chewy amaretti lentil chicken soup giveaway: guess the yuki shroomaki (japanese mushroom roll)


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crank it up

Monday, October 1st, 2018

Recipe: cranberry walnut pepita sourdough boule

Autumn feels good. We are starting to see frost patterns on our deck and I don’t have to take my jacket off when we go hiking because it remains nice and cool. Denver Erin and I spotted a majestic bull elk and a handful of elk cows and young bulls on our way to a trailhead one morning. Hiking through dark pine forests dotted with brilliant sunlit golden aspens on a chilly morning and hearing the not-so-distant piercing call of bull elk bugling from every direction is pretty freaking awesome. There are fewer people on the trails now and the woods carry that slightly fermented odor of decomposing leaves. Most leaf peepers stay in their cars or wander no more than 100 feet past the trailhead and I’m fine with that. Yuki is putting in her hiking miles and earning her Colorado mountain dog status.


on our way to some alpine lakes

pausing for a view over the valley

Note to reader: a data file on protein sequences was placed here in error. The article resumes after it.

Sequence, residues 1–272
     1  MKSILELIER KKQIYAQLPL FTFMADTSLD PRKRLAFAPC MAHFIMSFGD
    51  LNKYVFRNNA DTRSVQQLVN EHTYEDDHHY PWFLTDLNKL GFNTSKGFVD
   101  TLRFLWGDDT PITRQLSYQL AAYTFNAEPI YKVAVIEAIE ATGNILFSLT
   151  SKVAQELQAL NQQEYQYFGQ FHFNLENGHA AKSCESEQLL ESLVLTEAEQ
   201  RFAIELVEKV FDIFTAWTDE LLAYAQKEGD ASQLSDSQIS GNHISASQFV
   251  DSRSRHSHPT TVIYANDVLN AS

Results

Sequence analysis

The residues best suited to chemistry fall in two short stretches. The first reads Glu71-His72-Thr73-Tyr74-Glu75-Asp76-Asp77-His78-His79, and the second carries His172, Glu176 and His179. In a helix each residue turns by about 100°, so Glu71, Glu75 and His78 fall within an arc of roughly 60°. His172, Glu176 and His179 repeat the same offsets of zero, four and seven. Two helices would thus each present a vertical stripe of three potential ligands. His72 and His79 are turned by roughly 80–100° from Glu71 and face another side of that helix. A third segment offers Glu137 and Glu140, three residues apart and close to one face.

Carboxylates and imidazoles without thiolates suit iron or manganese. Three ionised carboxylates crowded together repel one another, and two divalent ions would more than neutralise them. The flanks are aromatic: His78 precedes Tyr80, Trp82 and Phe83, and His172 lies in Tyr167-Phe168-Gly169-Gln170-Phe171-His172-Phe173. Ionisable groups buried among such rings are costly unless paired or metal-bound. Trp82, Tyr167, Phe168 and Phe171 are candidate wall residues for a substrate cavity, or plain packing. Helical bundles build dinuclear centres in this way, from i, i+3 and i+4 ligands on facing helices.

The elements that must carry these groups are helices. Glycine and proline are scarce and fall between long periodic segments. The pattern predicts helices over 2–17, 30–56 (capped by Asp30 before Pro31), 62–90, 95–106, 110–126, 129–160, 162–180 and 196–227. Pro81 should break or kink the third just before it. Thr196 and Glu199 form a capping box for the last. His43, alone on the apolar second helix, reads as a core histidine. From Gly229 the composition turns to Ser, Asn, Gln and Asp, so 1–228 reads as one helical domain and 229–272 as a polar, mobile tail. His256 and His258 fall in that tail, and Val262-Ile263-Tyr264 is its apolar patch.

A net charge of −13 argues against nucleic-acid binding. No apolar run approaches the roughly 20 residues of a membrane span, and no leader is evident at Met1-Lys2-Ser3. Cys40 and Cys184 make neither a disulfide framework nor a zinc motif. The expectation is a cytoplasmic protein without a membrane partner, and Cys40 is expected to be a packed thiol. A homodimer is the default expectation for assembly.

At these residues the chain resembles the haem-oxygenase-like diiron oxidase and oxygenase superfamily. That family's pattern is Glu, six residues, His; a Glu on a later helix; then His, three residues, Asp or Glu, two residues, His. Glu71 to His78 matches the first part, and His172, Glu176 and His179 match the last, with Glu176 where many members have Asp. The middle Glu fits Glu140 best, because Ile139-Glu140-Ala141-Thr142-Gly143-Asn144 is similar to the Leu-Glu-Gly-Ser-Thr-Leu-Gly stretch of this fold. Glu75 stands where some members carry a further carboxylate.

yuki and neva love their hikes

some nice orange aspens to match neva’s harness



It’s finally bread season around here. I haven’t lived with air conditioning since I left for college almost 30 years ago. As someone who is particularly mindful of the heat (I hate it), I’m quite dialed in to the moods of the weather. The oven and my sourdough starter have been more or less neglected since June until this week. As I type, I have a batch of sourdough autolysing in the kitchen to make sourdough baguettes and a b√Ętard! I’ve also been looking forward to making this cranberry walnut pepita sourdough bread again. It all begins with some sourdough starter. For those who are new to the sourdough game, ripe sourdough starter means your starter has been fed and allowed time (for me, it’s 8 hours on the counter) to produce some lovely gas bubbles. Use this starter to make the levain. My typical schedule is to mix the levain the night before and let it sit overnight, then start on the dough the next morning. The levain should be bubbly.

the levain: water, bread flour, whole wheat flour, ripe sourdough starter

mix it all together so there is no dry flour

the levain the next morning